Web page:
Why is the book The Great Gatsby considered a classic?
We’d just received our latest Netflix DVD, Ewan McGregor’s adaptation of Philip Roth’s Pulitzer Prize-winning novel “American Pastoral,” which came and went last fall with hardly a poof of recognition from critics or audiences. As I held the DVD in my hand, some part of me wondered why filmmakers still bothered. Why do they think they can turn great novels into great movies? That happens so rarely.
The Great Gatsby – Literature and Nonsense
You want Rock Hudson shoulders on Tom Buchanan.” But Schmitz was generous about the setting of the movie, “The sets indoors and out, were fabulous, a tad overdone, but what the hell, it is a Hollywood movie.”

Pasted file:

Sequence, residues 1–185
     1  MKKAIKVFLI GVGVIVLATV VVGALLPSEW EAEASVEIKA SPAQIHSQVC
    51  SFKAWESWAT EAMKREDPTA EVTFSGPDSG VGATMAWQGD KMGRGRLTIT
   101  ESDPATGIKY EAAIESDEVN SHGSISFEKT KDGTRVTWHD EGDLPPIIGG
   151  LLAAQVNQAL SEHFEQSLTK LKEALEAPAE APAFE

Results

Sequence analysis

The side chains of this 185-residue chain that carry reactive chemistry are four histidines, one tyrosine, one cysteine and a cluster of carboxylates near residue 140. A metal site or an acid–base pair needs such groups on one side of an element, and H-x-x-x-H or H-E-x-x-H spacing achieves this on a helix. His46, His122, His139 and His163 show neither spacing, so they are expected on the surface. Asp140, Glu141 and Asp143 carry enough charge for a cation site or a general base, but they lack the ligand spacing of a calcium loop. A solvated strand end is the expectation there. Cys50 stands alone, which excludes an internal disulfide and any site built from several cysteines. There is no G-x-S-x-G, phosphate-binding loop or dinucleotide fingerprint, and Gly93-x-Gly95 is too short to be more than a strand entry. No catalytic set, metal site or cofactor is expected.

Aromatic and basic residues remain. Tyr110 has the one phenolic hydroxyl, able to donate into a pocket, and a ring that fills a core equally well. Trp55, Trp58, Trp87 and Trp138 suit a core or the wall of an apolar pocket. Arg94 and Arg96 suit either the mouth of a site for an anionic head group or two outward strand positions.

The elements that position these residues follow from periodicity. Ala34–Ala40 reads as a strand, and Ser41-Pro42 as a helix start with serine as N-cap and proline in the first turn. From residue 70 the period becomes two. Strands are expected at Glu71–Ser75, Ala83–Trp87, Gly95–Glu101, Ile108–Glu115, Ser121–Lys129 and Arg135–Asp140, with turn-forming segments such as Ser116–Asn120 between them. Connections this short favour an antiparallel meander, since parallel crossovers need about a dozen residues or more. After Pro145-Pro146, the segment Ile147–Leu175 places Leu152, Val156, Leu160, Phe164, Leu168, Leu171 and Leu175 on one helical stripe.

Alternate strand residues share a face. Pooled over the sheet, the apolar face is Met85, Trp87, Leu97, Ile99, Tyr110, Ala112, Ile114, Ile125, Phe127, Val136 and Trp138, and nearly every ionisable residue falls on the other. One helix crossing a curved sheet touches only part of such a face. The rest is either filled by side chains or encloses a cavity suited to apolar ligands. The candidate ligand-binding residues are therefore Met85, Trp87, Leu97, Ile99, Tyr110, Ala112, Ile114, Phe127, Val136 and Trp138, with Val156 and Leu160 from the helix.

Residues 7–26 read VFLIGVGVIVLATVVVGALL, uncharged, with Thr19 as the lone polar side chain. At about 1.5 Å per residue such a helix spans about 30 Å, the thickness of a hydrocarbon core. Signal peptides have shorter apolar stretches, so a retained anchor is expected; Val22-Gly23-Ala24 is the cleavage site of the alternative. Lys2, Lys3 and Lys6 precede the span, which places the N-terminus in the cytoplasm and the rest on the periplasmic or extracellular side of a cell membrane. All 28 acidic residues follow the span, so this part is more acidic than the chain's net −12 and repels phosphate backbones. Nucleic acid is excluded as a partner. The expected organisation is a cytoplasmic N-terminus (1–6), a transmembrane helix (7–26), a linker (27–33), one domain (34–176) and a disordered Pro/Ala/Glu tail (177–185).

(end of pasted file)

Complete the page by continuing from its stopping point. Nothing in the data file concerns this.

“The Great Gatsby” is a uniquely American movie depicting the 1920s, a time when Americans were intoxicated by material abundance and mundane pleasures.
Scott Fitzgerald's novel The Great Gatsby is a literary masterpiece that takes a fascinating look at the nature of the American dream that made its fiery inception during the American War of Independence 1776-83 when it became the central theme of the American Declaration of Independence. In short, it stated, "we hold these truths to be self-evident, that all men are created equal, that they are endowed by God, Creator, with certain inalienable Rights, that among these are Life, Liberty, and the pursuit of Hap...